Spring means flowers, fresh-cut grass, and the start of baseball season. And New Yorkers, like many welcoming their teams to the ballpark, eagerly anticipate opening day Monday.
Both Mets and Yankees fans are looking forward to the first pitch, optimistic about the course of the season -- whether they have reason to be or not. Steven Zeoli, 54, was shopping for Mets gear at the team's Manhattan store Sunday, ready to drive down to Washington D.C. with his family where the Amazin's will face the Nationals Monday.
"Hopefully this will be another good year," said Zeoli, who lives in Poughkeepsie but does work in D.C. for IBM. He tries to attend opening day as often as possible and has been attending games since he was a kid growing up in Bayside, Queens. "It's part of a heritage, it's part of a tradition. There's nothing like springtime in New York with Mets baseball."
Fellow Mets fan Patrick Balestriere, 57, said the pitching is going to save the Mets this year.
"I think they're going to be much better than the Yankees," said the Bensonhurst resident, who was shopping with his wife, a Yankees fan. "It's time for them to win some games. I'm anticipating a better season for them -- they've got the young arms."
Indeed, Jeffrey Paternostro, editor at the Mets blog "Amazin' Avenue," predicts the team from Queens could win 82 games this year.
"If [Matt] Harvey is healthy and makes 30 to 32 starts," Paternostro said. Harvey elected to undergo Tommy John surgery in October 2013. "You manage him differently but I think it will be a better starting pitching staff this year versus last year."
The Yankees, who open against the Blue Jays in the Bronx Monday, face the exact opposite challenge, said Robert Casey, chief, managing editor, and writer at bleedingyankeeblue.com.
"I am worried about the rotation," Casey said. "If they can be healthy, we have a good chance of making the playoffs. I feel as well [the management team is] listening to the fans. We've been complaining about youth and they are working to make it possible."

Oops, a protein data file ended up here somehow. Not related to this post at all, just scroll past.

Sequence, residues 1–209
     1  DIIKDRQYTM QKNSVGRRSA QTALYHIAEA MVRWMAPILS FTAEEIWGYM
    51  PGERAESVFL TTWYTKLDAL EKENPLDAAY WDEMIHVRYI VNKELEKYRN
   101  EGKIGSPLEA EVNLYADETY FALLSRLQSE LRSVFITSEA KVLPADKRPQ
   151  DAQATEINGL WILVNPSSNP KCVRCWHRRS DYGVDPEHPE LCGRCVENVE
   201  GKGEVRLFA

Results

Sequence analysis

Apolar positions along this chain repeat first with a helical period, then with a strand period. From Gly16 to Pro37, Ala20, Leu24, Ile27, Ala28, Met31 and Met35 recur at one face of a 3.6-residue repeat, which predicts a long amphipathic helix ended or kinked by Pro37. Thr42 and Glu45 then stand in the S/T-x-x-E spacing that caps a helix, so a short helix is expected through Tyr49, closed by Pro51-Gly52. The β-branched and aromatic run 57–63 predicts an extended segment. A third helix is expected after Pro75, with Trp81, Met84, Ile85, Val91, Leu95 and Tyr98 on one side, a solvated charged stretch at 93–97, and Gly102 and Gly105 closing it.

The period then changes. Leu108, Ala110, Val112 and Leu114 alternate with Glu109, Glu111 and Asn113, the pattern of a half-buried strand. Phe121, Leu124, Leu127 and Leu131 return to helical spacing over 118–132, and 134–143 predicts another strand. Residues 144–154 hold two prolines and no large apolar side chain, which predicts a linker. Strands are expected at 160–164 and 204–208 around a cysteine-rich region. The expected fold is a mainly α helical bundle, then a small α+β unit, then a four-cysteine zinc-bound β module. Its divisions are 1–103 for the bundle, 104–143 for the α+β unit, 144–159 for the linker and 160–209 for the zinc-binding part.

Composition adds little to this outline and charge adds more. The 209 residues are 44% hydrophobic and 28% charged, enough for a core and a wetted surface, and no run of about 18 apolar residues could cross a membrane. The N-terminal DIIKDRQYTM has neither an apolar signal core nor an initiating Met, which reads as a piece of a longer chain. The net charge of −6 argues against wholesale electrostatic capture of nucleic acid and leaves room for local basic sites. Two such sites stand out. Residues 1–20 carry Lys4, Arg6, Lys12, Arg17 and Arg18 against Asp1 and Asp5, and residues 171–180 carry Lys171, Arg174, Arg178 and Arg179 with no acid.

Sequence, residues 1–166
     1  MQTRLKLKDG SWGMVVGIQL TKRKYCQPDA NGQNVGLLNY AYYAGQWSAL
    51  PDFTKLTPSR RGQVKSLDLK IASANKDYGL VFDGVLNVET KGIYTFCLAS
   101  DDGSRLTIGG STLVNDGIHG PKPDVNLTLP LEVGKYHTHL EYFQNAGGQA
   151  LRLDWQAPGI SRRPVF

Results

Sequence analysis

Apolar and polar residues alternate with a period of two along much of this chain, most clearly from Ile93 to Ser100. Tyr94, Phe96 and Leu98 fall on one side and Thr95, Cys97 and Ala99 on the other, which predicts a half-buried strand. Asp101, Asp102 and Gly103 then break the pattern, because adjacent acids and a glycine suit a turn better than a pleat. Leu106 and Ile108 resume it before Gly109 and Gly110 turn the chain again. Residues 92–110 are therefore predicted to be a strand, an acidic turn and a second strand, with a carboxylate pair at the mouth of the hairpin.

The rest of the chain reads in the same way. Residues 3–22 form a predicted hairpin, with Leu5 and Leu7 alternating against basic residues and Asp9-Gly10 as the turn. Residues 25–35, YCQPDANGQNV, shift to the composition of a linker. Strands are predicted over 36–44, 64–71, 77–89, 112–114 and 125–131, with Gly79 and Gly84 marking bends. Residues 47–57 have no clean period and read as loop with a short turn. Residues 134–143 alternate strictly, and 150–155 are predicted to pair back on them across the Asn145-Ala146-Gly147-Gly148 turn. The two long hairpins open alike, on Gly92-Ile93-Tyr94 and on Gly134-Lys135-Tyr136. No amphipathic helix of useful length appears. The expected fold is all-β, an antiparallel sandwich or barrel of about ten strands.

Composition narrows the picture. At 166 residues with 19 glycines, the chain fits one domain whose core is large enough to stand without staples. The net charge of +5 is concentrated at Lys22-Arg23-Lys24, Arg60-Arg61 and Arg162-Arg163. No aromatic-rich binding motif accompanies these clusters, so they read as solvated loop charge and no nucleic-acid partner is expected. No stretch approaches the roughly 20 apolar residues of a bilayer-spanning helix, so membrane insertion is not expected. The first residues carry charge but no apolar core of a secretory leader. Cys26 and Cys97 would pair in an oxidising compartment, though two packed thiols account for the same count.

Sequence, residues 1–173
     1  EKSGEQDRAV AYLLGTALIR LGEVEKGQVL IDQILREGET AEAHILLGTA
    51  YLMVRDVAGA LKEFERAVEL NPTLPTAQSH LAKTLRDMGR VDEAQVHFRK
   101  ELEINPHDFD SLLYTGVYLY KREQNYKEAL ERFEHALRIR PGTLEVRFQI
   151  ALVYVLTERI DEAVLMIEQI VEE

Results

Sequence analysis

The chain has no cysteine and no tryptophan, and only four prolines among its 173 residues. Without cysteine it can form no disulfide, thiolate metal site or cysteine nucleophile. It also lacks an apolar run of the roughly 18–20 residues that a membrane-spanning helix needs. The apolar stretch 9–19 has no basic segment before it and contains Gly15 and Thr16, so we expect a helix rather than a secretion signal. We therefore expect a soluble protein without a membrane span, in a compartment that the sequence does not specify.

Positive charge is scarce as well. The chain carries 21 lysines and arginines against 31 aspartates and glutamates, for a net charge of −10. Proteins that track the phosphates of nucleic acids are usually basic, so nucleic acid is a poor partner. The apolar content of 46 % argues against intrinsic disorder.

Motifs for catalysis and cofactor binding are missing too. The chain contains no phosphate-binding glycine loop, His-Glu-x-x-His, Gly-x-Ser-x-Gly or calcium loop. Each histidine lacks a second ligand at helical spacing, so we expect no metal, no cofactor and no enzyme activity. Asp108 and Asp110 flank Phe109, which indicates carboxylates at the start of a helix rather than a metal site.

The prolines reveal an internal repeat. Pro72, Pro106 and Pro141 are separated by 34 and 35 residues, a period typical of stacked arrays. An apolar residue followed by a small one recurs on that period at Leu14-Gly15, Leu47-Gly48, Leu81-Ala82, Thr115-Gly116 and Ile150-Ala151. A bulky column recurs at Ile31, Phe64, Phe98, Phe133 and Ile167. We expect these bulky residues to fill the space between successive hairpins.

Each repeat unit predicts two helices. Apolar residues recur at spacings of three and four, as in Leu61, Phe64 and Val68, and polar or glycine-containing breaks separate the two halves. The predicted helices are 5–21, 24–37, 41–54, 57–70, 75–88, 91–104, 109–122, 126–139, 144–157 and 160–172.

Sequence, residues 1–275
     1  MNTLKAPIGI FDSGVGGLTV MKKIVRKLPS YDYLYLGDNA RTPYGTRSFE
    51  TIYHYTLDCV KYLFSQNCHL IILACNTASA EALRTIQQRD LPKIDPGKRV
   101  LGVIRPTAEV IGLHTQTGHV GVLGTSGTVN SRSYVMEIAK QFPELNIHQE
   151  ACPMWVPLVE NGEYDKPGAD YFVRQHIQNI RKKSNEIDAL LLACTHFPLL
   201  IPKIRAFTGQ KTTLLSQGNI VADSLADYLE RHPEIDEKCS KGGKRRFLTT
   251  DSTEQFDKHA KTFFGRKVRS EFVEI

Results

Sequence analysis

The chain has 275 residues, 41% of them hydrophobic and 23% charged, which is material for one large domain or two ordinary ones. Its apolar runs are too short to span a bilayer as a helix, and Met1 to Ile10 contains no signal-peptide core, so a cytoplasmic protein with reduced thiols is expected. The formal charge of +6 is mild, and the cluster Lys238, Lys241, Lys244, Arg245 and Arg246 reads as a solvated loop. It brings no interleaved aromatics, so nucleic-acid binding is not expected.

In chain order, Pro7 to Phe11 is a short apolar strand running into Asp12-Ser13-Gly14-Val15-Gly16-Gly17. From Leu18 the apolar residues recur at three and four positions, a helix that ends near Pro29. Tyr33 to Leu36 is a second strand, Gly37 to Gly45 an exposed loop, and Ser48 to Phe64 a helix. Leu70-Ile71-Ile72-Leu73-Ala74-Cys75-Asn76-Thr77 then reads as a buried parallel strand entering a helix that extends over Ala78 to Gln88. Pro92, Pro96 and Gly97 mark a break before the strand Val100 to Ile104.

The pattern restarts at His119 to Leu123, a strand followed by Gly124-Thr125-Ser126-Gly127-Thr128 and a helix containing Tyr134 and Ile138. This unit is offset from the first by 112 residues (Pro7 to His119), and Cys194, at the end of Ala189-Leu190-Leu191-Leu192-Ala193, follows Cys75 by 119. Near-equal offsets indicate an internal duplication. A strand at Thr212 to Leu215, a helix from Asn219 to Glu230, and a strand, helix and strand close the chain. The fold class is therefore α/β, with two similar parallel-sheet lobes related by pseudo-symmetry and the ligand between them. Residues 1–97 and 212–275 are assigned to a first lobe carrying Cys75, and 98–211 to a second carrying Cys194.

Despite not making the playoffs in the last two years, Casey said Bombers fans are still riding the momentum that started back in 1996, when the Yanks began a resurgence.
Lauren Pozna, 21, flew to New York with her sister from Cleveland to watch the Yankees play on opening day. Pozna scouted the merchandise at the team's Times Square store on what she said was her first visit to the Big Apple.
"I think they'll do well. I think A-Rod will surprise us," the lifelong fan said.
Casey agreed that Alex Rodriguez, fresh off his ban for using performance-enhancing drugs, could be a major factor.
"I know he made some major mistakes all on his own, but fans just want him to hit the ball and knock in runs," he said. "If he strikes out and starts to talk to the press and say silly things, that's not good. I hope he just shows up, does his job and goes home. That's the plan."
Yankees fan Christian Gonzalez, 22, is also hopeful for the start of the season.
"I think overall they're going to be on a good start," said the Manhattan resident. "They're going to win. Jeter left us in a good place."
This season may be unpredictable for both teams, but that's where the fun of being a baseball fan in the Big Apple comes from, Mets blogger Paternostro said. The game, win or lose, helps to channel New York's intense energy onto the ballfield over the next six months.
"If you're going to be obsessive in New York," he said, "Why not be obsessive about your team?" (with Alexa Vagelatos)